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    Duke Clinical Research Institute2019-10-10

    Duke Clinical Research Institute Response

    October 23, 2019DCRI

    Thank you for your input and for your years of service at the DCRI. We appreciate your contribution in supporting our faculty and operations teams on our studies. We want to acknowledge that earlier this year the DCRI made some staffing changes in your area to consolidate our executive assistant support in order to ensure that our faculty and operations executives have the right administrative support for their needs. We also have re-committed to sharing resources across the DCRI, which means our teams have both the opportunity to grow in new areas and also may have additional responsibilities to manage in order to ensure we are optimizing staff time on our clinical research projects. We’re sorry to hear that you may not have received recognition for your work, as we know first-hand the importance of each and every employee at the DCRI in contributing to our mission, and we strive to ensure they know of our appreciation for their work.

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  7. Helpful (7)

    "Terrible place to work — more layoffs!"

    StarStarStarStarStar
    • Work/Life Balance
    • Culture & Values
    • Career Opportunities
    • Compensation and Benefits
    • Senior Management
    Former Employee - Anonymous Employee 
    Doesn't Recommend
    Negative Outlook
    Disapproves of CEO

    I worked at Duke Clinical Research Institute full-time

    Pros

    Compensation and work/life balance are acceptable

    Cons

    In-fighting amongst senior leadership; bullying culture created by physicians; senior leadership lacking in leadership skills; lack of commitment to any real change

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    Duke Clinical Research Institute2019-08-06

    Duke Clinical Research Institute Response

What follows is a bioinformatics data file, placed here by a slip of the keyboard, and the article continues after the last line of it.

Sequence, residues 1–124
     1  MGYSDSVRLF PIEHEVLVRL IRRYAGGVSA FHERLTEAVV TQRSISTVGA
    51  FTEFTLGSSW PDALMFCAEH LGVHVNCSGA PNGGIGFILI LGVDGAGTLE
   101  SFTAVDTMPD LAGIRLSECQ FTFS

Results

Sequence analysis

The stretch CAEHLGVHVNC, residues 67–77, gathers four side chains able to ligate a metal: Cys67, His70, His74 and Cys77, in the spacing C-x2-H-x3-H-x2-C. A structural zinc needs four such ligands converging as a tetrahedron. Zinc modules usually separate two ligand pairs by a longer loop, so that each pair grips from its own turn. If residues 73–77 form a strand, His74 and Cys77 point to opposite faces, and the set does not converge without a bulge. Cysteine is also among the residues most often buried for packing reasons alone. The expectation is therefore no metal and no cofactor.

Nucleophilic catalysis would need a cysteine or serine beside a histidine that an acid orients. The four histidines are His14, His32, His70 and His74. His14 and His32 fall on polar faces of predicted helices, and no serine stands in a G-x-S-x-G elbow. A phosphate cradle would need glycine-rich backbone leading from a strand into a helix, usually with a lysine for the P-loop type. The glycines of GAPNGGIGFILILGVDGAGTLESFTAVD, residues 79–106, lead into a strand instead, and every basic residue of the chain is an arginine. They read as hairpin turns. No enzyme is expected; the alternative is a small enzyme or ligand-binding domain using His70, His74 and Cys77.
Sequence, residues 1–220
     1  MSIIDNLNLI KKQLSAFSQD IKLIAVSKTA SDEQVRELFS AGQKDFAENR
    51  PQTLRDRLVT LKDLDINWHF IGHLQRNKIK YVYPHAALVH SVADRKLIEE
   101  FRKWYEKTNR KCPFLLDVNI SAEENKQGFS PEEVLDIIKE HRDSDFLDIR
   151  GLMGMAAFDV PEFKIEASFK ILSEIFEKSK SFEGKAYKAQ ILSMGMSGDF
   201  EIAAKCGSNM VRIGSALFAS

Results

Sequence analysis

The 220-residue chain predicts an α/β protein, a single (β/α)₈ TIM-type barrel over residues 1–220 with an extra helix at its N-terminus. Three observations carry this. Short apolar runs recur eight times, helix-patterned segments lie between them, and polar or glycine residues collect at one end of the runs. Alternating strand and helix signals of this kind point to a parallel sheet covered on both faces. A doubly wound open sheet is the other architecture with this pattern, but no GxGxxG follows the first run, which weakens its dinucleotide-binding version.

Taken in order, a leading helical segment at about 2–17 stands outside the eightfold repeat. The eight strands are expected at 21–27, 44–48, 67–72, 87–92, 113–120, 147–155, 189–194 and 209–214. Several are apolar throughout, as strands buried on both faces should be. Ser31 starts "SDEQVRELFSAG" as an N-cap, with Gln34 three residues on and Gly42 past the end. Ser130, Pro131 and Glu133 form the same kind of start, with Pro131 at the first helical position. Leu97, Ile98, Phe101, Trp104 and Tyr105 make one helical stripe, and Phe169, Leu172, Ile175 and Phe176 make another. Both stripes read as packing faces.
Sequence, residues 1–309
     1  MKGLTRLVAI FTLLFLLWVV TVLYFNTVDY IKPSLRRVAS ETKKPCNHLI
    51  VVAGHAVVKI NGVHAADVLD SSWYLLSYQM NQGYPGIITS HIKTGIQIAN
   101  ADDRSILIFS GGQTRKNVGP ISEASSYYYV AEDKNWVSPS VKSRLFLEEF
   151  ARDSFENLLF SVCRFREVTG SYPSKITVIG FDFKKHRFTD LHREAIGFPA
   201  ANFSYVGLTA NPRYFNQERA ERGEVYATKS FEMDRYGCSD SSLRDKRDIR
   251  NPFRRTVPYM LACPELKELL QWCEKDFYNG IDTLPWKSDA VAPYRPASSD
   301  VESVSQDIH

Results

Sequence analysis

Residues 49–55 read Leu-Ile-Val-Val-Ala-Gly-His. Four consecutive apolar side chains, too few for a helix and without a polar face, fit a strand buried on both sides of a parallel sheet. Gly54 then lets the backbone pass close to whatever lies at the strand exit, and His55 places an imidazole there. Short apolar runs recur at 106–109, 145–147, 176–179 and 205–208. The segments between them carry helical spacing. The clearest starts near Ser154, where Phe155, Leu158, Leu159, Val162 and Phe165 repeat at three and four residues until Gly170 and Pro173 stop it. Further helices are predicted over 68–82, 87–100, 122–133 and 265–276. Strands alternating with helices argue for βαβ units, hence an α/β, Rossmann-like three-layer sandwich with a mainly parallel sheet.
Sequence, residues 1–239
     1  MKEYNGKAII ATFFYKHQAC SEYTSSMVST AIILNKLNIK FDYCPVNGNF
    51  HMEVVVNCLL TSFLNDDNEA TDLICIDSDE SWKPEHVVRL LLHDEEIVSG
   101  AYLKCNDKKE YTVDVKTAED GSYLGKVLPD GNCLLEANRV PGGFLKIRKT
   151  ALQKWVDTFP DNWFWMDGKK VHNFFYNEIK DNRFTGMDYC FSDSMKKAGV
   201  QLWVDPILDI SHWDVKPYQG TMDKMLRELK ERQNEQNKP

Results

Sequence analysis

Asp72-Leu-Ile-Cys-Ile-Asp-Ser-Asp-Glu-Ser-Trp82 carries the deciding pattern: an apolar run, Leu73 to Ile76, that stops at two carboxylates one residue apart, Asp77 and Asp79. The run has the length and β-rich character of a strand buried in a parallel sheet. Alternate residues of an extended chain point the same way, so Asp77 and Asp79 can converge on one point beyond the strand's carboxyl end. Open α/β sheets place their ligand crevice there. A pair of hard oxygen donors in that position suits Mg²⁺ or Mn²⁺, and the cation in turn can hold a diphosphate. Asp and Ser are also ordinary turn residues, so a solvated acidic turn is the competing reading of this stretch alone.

August 14, 2019DCRI

    We appreciate your input on Glassdoor. We want to first address your reference to bullying. As you know, Duke University has clear policies that guide our behaviors. The DCRI does not condone any behavior that constitutes bullying. We hope that you contacted your HR representative in any instance where this may have occurred. Second, since posts on Glassdoor remain evergreen, we do want to clarify for our readers who might read this post in the future that there are no additional layoffs planned at the DCRI at this time. In terms of real change occurring at the DCRI, we are actively transforming our services and offerings to ensure that we are distinctive and relevant for our sponsors for the future, and we are ushering in new ways of doing things as a result. These new approaches include initiatives to improve operations at the DCRI, with a strong commitment to create faculty (physician) and operations partnerships in all that we do and to support our senior leaders in improving their management skills. The DCRI has a long history of leading the way in clinical research. Sponsors rely on our innovative, entrepreneurial and collaborative approach to discovering new ways to conduct clinical research. And the industry relies on our mission to share knowledge to help inform research methodologies and new paths to patient care. We are changing things here at the DCRI, with the goal to ensure that we evolve in line with our sponsors’ research plans and needs.

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  8. Helpful (6)

    "Invest in your remaining staff"

    StarStarStarStarStar
    • Work/Life Balance
    • Culture & Values
    • Career Opportunities
    • Compensation and Benefits
    • Senior Management
    Current Employee - Clinical Trial Coordinator in Durham, NC
    Doesn't Recommend
    Negative Outlook
    No opinion of CEO

    I have been working at Duke Clinical Research Institute full-time for more than a year

    Pros

    I enjoyed my first year at DCRI working with some very bright individuals with great ideas. Able to work remotely to some extent. Educational opportunities, however it needs to be very specific to position. Having said that, it has been more difficult to get approval for trainings due to DCRIs current financial situation.

    Cons

    Over the last several months, my opinion of DCRI has completely changed. While I have enjoyed the idea of working at a place attempting to be 'innovative', I think DCRI has a long way to go before they can claim this label. The projects seem chaotic in an industry where planning and execution are critical. Most Project Leaders I have work with do not lead, they manage by intimidation or they are simply not present with their project team. I suppose it may be a lack of training, tools, resources, etc, but in my experience this is one of the worst places I have experienced for project leadership. There seems to be a lot of distrust between staff and management in general right now, likely due to the recent RIF. That may be challenging for DCRI to get past, given how long that process took place, and how the working environment was allowed to spiral downward for so long.